Humans are creatures of habit. We thrive on routine. Broadly speaking, we follow the same rituals for a workday. We get up, prepare for work, travel to work, arrive at work, undertake our work, depart the workplace, travel home, and arrive at home, often completely unaware of our surroundings.
However, have you considered what emergencies could arise during the day, at the distinct stages of the day, and how you would respond to the emergency?
Situational Awareness (SA) is a tool that you can use to help prepare for an unexpected or dangerous situation. SA involves understanding your environment and how you are situated in that environment. From there, you can project what could happen and ideally prepare a plan before the emergency occurs. There are three stages of Situational Awareness: Perception; Comprehension; and Projection. We will also look at the various levels of SA that we operate in.
Perception requires you to use multiple sources to gather information about your environment. What can you see? What can you hear? What can you smell? How do you feel? What time of the day is it? Where are you? What is the news saying?
In the modern age, we have access to an unprecedented amount of information. We can ‘Google’ anything and have the information within microseconds. So how do we determine what information is relevant to our safety? This is where we need to process the information and think about how it relates to us and our environment.
Comprehension is the process of understanding the information that you have gathered. You take the data that you have gathered and analyse it to produce a mental picture of your situation. To assist with analysis, it is important to establish a baseline.
A baseline in SA is a benchmark of normalcy for your environment. You use the baseline to compare your current situation and determine if it is normal or whether there is an anomaly. For example, every day at work, your colleague John greets you warmly but today he completely ignores you. The baseline is that John always greets you warmly and the anomaly is that today he ignored you.
When looking for anomalies, it is useful to look for the ‘Absence of the normal’ or the ‘Presence of the abnormal.’ In the scenario with John, the absence of the normal was that he did not greet you warmly and the presence of the abnormal is that he ignored you.
Projection is the process of using the previous stages to forecast what could happen. This is where you ask yourself ‘So what?’ For example, you ‘Google’ the weather report before leaving for work and find out that there will be heavy rain during your trip. So what? You understand that rain causes slippery roads and reduces visibility. So, you forecast that the likelihood of a vehicular collision has increased. The consequence of a vehicle accident could be catastrophic and may cause a fatality but also at a minimum it may cause travel delays. As a control measure to mitigate the consequence of a vehicular collision, you decide to take public transport to work instead. Alternatively, you accept the increased risk, and decide to drive anyway because you have told your boss that you might be late, you have car insurance, life insurance and recently completed a defensive driver course.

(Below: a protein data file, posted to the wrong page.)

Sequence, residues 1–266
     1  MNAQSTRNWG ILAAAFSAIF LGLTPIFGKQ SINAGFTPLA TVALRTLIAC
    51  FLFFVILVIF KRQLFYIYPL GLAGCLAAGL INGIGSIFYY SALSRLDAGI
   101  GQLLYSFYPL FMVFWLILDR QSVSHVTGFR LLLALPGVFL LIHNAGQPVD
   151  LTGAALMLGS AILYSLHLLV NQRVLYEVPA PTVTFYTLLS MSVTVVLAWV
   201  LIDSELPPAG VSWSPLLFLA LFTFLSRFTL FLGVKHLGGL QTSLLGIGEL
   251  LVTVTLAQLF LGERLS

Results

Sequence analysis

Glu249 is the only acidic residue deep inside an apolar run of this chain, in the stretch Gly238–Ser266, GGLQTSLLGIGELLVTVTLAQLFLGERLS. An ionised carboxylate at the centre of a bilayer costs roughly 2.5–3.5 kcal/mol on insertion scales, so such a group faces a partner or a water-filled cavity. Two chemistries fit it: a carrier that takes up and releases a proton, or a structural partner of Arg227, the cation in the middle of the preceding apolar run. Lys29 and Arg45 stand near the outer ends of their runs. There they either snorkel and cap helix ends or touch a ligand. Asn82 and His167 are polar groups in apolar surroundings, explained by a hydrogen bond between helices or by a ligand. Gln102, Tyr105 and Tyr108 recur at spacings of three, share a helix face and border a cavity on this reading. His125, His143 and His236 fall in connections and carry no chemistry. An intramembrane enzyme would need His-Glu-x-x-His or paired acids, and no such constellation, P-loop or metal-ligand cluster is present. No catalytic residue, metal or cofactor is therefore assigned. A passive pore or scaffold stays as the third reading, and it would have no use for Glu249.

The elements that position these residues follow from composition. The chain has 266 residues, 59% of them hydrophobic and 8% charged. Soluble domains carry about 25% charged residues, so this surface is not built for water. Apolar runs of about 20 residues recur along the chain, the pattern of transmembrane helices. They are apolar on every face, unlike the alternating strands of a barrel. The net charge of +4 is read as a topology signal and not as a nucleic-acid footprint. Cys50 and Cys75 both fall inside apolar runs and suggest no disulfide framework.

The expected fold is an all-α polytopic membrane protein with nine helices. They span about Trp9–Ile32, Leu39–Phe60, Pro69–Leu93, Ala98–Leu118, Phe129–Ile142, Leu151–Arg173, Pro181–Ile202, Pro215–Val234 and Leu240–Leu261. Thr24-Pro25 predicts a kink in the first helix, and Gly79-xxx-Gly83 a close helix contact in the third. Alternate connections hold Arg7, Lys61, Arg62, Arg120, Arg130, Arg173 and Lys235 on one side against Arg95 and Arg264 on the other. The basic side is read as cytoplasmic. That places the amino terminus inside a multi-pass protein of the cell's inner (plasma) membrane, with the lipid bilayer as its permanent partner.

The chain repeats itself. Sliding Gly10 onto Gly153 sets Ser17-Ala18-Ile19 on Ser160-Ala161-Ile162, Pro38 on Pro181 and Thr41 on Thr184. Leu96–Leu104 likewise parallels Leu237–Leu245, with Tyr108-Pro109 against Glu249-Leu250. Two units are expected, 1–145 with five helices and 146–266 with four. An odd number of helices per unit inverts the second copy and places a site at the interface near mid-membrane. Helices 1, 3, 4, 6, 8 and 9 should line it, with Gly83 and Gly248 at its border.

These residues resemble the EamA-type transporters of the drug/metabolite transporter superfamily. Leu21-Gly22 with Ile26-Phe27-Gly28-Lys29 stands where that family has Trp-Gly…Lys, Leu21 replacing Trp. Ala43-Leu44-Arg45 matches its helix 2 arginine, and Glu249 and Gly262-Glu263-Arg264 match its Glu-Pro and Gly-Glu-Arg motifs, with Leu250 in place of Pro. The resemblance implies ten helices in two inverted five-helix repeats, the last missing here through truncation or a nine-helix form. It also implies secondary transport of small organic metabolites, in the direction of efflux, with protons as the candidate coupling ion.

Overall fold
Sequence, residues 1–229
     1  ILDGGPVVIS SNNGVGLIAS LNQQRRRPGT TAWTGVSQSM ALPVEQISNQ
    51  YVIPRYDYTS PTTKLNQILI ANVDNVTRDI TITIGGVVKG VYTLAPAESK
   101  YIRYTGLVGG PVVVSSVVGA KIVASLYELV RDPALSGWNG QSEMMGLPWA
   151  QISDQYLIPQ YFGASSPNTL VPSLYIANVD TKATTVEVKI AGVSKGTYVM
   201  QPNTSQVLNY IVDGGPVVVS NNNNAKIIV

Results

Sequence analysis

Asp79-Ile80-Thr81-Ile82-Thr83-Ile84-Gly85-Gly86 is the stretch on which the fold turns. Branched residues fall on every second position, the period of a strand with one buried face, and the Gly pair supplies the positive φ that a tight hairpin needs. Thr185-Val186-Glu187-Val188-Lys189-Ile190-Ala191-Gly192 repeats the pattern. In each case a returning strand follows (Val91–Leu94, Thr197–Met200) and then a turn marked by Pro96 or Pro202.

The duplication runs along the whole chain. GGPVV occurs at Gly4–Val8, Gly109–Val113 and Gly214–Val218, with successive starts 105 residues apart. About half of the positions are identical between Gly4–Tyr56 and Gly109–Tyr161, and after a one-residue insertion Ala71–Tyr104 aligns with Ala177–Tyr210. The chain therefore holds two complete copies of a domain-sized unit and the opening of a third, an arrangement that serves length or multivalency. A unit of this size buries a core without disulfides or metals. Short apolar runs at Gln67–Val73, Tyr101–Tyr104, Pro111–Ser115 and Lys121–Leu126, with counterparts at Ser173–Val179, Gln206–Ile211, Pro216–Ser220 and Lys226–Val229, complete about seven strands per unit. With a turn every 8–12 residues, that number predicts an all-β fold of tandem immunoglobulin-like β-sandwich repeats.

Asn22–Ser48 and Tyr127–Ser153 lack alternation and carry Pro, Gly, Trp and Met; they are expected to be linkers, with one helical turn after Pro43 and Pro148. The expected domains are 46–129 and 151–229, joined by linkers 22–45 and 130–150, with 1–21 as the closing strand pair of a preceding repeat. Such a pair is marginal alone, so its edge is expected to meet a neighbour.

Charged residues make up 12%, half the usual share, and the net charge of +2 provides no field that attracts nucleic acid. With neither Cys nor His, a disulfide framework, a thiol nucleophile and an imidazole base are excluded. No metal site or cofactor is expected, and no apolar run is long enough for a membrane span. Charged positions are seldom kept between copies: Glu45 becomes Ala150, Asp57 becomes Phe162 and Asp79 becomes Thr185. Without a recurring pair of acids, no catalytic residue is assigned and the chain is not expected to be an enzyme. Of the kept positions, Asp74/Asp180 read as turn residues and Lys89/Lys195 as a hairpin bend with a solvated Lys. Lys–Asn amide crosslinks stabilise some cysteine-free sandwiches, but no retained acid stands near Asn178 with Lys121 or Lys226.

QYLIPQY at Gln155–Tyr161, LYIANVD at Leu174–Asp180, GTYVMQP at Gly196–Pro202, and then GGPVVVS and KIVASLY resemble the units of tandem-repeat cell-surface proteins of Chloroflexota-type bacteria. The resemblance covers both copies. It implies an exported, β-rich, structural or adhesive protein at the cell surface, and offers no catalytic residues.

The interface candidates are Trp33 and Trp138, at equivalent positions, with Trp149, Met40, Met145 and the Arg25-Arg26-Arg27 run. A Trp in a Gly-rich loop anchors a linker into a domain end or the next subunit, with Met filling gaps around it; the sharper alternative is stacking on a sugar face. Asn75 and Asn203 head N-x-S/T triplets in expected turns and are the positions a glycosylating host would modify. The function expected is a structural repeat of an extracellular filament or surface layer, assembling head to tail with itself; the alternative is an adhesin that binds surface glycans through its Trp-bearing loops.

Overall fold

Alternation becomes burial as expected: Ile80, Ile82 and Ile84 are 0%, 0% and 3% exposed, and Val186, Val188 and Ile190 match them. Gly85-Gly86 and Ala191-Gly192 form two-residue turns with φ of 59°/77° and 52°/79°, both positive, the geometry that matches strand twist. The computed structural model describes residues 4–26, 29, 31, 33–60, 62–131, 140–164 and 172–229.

Four Levels of SA
At any given moment of the day, you are operating in one of the four levels of SA. The SA levels are white, yellow, orange, and red. White is when you are completely oblivious of your environment and are not prepared for anything. Yellow is when you are alert and aware of your surroundings, but you remain relaxed and calm. Orange is where you are aware of an anomaly in your environment, you are evaluating the anomaly and formulating a plan of action. Red is where the emergency has occurred, and you are now taking decisive action to respond.
SA is an invaluable tool for preventing, preparing, responding, and recovering from an emergency in the workplace. Do you feel like your workforce have an understanding of their Situational Awareness?
Contact us today to find out how we can help your workforce develop their SA today.